D Watkins knew life was cheap growing up in East Baltimore, but he couldn’t believe his drug-dealing older brother had been murdered until he saw him lying in the street outside the housing project where they lived.
Watkins — the D is short for Dwight — recalled the 1999 death in a Thursday speech before some 200 Oberlin High School students.
The author of “The Beast Side: Living and Dying While Black in America” recounted how he escaped the same fate as his brother, Devin Watkins, 20.
Now 35, D Watkins said drug dealing was a family tradition and he sold crack cocaine and was twice shot as a young man.
He recalled growing up in Lafayette Courts, an 800-unit housing project packed with thousands of people. He said dirt bikes were ridden through the complex lobby, people were dangled out of windows, the housing police regularly beat residents, and people were occasionally shot.
Watkins took refuge in reading but said he couldn’t relate to most of the books he was assigned in school such as “Huckleberry Finn.” The exceptions were “Manchild in the Promised Land” by Claude Brown, “The Autobiography of Malcolm X,” and “Narrative of the Life of Fredrick Douglass.” They were the only books Watkins said he read until his early 20s.
Watkins said his brother urged him to avoid selling drugs and attend college. After the murder, Watkins attended Loyola University Maryland, but said the culture shock of a street kid attending a Jesuit university led him to drop out and deal drugs.
He said selling drugs was “the worst job in the world.”
Besides 16-hour work days, competition was ruthless. He said dealers he thought were his friends often informed on one another to police to eliminate competition. “Everything was cutthroat and everything was evil (but) I made some money and I saved some money,” Watkins said.
Watkins used some of his drug dealing profits to buy a liquor store but felt he had just traded selling illegal drugs for a legal one that was equally destructive. He also used some of the cash to travel to Egypt, London, and Paris, gaining perspective on the world outside his highly segregated neighborhood that he said few residents enjoyed.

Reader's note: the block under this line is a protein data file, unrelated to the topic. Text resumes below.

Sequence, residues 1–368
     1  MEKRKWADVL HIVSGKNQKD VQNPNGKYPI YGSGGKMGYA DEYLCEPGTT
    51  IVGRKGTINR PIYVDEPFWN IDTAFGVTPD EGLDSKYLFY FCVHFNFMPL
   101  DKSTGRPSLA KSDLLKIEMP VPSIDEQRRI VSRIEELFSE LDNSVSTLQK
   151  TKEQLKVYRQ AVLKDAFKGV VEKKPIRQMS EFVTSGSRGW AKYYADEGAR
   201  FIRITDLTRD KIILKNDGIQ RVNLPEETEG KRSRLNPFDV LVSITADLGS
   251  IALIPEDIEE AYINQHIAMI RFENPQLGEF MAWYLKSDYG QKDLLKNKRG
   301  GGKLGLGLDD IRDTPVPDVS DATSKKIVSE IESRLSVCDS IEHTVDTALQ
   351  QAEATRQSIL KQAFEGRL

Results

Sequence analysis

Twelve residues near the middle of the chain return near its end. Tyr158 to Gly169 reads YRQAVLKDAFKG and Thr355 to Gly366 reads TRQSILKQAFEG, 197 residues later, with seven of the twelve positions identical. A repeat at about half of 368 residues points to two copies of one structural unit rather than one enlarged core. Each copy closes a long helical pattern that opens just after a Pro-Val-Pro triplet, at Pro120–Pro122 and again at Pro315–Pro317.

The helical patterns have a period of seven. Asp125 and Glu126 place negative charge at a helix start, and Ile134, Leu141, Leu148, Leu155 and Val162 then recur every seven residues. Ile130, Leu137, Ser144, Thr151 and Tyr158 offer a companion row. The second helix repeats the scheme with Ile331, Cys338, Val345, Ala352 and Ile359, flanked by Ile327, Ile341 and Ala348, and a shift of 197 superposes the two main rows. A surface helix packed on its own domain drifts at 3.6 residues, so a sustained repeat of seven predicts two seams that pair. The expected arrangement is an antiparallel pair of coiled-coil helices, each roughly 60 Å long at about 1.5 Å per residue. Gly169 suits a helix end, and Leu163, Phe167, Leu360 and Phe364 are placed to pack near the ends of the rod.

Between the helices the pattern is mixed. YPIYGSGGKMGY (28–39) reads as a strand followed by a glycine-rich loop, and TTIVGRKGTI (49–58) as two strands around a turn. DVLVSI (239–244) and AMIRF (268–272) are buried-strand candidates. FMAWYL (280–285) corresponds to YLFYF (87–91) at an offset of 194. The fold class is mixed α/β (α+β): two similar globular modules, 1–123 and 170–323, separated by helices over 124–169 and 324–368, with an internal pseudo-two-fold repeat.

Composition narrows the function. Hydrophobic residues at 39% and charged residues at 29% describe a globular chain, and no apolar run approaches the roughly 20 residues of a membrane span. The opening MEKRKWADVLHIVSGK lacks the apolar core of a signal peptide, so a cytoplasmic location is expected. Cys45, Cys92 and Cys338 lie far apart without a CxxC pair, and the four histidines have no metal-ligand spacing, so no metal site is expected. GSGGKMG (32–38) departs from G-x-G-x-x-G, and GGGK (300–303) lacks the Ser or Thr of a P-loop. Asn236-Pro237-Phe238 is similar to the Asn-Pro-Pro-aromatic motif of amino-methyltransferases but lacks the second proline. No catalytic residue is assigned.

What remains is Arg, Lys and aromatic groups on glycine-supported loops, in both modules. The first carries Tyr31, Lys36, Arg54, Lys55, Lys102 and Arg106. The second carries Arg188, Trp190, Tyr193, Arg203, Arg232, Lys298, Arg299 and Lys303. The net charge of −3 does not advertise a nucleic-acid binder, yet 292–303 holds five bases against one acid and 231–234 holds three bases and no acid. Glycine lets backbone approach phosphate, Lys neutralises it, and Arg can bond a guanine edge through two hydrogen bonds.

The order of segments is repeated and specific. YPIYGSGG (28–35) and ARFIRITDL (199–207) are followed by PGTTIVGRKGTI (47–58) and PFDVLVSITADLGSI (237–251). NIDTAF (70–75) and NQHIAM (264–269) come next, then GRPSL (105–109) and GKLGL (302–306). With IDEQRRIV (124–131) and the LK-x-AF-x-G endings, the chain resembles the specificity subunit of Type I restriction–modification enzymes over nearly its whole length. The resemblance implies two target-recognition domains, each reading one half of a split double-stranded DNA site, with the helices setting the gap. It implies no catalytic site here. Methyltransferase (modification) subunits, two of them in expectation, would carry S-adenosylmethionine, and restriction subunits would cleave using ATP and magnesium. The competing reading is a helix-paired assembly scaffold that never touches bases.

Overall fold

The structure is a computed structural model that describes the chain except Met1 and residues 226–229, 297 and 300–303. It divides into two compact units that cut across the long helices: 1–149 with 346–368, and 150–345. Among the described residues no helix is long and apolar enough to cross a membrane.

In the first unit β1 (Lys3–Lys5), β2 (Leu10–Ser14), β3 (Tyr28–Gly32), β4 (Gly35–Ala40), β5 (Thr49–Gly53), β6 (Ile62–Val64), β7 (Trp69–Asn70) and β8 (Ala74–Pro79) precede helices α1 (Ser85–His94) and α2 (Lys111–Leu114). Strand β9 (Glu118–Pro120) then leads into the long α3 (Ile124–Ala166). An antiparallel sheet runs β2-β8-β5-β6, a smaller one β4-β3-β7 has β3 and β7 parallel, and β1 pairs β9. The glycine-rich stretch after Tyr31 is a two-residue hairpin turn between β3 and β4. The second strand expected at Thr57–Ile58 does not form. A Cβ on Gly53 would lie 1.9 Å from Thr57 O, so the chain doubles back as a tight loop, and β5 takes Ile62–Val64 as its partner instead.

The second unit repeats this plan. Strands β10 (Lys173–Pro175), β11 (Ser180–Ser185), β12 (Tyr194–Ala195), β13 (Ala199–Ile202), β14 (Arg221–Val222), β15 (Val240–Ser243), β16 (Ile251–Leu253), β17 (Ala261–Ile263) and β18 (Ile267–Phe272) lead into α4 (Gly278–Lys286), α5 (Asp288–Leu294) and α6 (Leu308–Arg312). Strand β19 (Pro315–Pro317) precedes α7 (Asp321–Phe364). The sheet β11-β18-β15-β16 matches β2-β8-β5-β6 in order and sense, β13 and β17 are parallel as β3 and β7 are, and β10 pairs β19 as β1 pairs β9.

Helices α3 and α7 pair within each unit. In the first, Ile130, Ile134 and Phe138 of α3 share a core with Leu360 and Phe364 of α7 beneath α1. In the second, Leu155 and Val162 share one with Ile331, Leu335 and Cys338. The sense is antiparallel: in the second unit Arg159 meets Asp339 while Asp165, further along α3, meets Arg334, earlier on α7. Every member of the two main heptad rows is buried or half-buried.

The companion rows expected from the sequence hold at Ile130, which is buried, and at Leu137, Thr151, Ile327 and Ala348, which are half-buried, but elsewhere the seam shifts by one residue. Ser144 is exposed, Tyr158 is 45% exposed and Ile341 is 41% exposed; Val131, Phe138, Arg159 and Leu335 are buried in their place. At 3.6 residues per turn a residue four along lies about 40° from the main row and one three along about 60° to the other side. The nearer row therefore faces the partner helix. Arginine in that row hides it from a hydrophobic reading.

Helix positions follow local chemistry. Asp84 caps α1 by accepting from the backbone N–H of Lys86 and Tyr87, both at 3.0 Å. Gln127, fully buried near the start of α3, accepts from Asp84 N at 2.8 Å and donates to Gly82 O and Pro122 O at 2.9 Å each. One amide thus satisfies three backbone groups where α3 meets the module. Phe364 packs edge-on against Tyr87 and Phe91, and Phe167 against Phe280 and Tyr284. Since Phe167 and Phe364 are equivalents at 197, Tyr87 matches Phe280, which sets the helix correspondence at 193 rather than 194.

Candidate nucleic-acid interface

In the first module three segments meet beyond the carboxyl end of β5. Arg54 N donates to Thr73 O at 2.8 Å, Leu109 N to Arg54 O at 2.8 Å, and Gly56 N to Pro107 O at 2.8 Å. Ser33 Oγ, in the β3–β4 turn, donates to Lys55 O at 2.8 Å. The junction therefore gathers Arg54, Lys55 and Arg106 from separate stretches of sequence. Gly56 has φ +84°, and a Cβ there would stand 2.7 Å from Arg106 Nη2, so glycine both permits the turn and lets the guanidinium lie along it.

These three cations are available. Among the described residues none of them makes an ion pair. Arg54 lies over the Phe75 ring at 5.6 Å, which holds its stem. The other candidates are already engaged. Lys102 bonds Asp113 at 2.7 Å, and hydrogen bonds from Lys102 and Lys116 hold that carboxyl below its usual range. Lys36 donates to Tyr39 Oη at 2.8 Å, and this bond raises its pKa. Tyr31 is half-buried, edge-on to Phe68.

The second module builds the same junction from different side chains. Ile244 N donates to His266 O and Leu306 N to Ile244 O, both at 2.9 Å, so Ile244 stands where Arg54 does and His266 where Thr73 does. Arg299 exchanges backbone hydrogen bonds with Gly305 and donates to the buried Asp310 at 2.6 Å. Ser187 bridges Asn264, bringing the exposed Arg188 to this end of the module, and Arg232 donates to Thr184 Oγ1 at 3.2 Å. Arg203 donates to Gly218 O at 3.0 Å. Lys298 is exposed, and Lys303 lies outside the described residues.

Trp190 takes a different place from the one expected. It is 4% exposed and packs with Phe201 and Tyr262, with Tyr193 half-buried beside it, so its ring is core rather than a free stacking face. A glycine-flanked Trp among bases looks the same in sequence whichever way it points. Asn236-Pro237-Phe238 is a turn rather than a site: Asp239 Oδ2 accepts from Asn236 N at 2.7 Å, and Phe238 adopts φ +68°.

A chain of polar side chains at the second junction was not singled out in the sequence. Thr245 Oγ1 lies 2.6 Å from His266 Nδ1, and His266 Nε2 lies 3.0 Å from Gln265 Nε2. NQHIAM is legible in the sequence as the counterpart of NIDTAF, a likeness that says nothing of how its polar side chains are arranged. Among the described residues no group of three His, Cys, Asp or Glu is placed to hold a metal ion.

“I learned success is not about how much money you make,” he said. “When I was coming up, I thought the whole purpose of life was to be rich. And that’s not really the key.”
Watkins returned to college, earning a history degree from the University of Baltimore and a masters in education from John Hopkins University. He lectures at the University of Baltimore and is an adjunct professor at John Hopkins.
Today he writes for The Baltimore City Paper, is a columnist for Salon magazine, and has been published in the New York Times.
His life experience and resentment that media often falsely portrayed what it’s like to be black and poor in inner-city America inspired him to write. Watkins said coverage of unrest after last year’s death of Freddie Gray, a 25-year-old Baltimore resident who died of a spinal cord injury while in police custody, is an example of media exaggeration.
“They tried to make it look like our city was crazy,” he said. “We weren’t crazy. We were just tired of being harassed by police officers.”
Police brutality, gun violence, and white privilege are among the topics Watkins has written about for Salon. “The Beast Side,” a play on words about the east side of Baltimore, is a compilation of 24 essays Watkins wrote in the past two years. A memoir, “Cook Up,” is due out May 3.
Watkins, who also spoke at Oberlin College, was invited by three Oberlin High sophomores inspired by him.
“His story is amazing,” said sophomore Justin Smith, who wrote an application to the Nord Family Foundation for $6,000 to get Watkins to come.
English teacher David Reese said after the speech that he was struggling to connect with Smith and the other two boys in September, but thought they might relate to Watkins after hearing him interviewed on National Public Radio. Reese had them listen to the interview and bought them the book.
He encouraged Smith to invite Watkins to Oberlin. “Justin has enough leadership skills to be able to make this thing happen,” Reese said, adding that college officials provided assistance.
Besides speaking, Watkins took part in writing workshops at the high school on Thursday and Friday. He said he wants to inspire young people to read and write about their lives.
Watkins said literacy is particularly important for black people to become empowered, noting slaves were forbidden to learn how to read.
He said empowerment and social justice come from the bottom up through hard work, self-reliance, and willingness to help others.
“I don’t think we’re going to fix the system by electing some politician,” Watkins said. “But if we all recognize our individual strengths and do what we can do and share our skills to help other people, we can change it like that.”
Evan Goodenow can be reached at 440-775-1611 or @GoodenowNews on Twitter.
Photos by Evan Goodenow | Oberlin News-Tribune Baltimore author/activist D Mitchell speaks at Oberlin High School on his experiences growing up in Baltimore, selling drugs, and changing his life.